World population to reach 9.6 billion by 2050

NEW YORK. July 15. KAZINFORM As of Thursday, which the United Nations has declared World Population Day, there are 7.2 billion people and counting on planet Earth.

By 2050, demographers from the United Nations project that the population will reach 9.6 billion.

But that projection has changed considerably in recent years. In 2000, the UN predicted a population with 700 million fewer people than it is predicting now-only 8.9 billion people in 2050.

Other organizations, meanwhile, have slightly different 2050 projections. The United States Census Bureau projects a population of 9.4 billion. The Population Reference Bureau, a nongovernmental group that tracks U.S. demographics, has increased its projection by two million since their last estimates were published in 2010; their number now matches the UN estimate.

What explains why these figures evolve and why they don't exactly sync up?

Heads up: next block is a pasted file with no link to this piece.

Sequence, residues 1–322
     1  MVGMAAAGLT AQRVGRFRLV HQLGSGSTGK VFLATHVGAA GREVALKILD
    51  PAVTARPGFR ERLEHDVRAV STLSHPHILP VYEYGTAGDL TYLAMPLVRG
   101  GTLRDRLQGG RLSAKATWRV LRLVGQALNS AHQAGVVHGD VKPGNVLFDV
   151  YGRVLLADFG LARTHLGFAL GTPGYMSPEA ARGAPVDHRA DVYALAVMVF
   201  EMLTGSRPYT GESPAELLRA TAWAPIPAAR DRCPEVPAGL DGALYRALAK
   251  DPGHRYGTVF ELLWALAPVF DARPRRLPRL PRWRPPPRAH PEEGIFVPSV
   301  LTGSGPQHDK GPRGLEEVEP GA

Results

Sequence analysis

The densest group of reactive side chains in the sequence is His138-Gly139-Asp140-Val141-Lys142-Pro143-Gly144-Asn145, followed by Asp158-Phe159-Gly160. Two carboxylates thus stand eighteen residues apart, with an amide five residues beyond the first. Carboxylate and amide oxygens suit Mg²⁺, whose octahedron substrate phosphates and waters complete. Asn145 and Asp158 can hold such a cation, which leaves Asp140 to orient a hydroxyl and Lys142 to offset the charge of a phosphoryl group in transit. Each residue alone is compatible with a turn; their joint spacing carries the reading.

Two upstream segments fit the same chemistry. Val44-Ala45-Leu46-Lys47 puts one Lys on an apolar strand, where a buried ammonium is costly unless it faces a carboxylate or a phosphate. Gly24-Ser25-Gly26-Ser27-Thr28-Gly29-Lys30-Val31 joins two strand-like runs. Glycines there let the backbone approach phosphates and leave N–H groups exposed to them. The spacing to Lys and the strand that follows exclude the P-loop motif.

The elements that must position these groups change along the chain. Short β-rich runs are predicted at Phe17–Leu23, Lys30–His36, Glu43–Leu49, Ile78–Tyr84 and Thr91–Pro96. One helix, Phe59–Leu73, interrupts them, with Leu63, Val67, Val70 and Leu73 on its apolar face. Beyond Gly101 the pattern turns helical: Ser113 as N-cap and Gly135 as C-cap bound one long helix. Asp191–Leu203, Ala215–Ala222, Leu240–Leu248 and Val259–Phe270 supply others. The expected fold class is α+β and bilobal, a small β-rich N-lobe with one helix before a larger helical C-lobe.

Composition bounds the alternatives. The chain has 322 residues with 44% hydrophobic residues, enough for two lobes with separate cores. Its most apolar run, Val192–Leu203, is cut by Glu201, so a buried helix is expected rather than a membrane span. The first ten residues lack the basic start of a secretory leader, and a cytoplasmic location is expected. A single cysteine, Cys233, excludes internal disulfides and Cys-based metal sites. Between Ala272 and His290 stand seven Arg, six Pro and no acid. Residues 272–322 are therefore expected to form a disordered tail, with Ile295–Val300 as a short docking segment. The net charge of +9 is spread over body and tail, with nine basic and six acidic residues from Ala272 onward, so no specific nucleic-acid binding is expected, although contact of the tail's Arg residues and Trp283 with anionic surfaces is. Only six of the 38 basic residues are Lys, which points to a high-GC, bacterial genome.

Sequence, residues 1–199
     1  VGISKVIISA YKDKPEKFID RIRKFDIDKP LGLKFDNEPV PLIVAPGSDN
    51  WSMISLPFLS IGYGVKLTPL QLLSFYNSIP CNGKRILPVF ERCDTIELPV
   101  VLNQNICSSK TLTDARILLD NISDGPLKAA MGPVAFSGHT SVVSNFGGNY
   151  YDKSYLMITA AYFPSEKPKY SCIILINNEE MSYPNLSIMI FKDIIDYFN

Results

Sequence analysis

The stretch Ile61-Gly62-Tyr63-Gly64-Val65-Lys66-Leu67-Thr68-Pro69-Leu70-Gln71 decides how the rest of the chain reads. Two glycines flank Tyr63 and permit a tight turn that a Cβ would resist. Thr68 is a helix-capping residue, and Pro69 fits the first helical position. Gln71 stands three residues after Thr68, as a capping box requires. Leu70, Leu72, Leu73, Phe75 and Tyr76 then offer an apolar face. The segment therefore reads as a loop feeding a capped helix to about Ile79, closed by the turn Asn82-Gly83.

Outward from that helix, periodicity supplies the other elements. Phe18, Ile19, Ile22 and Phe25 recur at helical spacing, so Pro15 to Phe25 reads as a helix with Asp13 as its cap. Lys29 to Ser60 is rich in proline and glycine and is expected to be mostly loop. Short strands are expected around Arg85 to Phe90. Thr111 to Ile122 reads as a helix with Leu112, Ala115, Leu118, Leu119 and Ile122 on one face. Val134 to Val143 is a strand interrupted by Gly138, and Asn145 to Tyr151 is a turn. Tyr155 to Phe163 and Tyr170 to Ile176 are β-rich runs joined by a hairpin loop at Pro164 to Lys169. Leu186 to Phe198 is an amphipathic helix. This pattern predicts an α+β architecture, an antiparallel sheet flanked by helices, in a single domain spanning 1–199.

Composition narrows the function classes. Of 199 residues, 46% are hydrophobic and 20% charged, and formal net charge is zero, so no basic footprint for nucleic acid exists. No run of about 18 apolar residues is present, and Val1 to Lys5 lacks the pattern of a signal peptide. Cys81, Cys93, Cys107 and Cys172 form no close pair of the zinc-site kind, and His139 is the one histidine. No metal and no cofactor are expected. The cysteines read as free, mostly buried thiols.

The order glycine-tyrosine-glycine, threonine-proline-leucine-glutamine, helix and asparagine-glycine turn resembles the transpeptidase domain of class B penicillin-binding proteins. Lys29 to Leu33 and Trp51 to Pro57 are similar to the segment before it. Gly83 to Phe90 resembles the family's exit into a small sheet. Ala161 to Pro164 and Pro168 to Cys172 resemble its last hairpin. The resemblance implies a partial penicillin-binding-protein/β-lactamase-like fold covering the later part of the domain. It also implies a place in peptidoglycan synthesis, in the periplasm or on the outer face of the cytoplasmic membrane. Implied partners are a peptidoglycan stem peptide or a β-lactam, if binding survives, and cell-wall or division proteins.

Population projections are dynamic. While they are often reflective of the real world, many factors that determine future trend lines are unclear and evolving.

Three big population drivers

In predicting future population size, demographers first assume a no-surprise future and focus on three main drivers of population-births, deaths, and migration. Life expectancy is kept on a consistent upward trend, and unpredictable events like epidemics and wars are ruled out.

"The HIV/AIDS epidemic-it was not predicted, and it substantially changed the demographics of some countries in the 1970s," said Francois Pelletier, chief of the population estimates and projections section of the United Nations.

When it comes to analyzing the three big population drivers, demographers draw on surveys and census data from around the world. The UN also takes into account progress made in achieving internationally agreed upon initiatives such as the Millenium Development Goals.

That information is used to reassess past population projections and generate a revised report.

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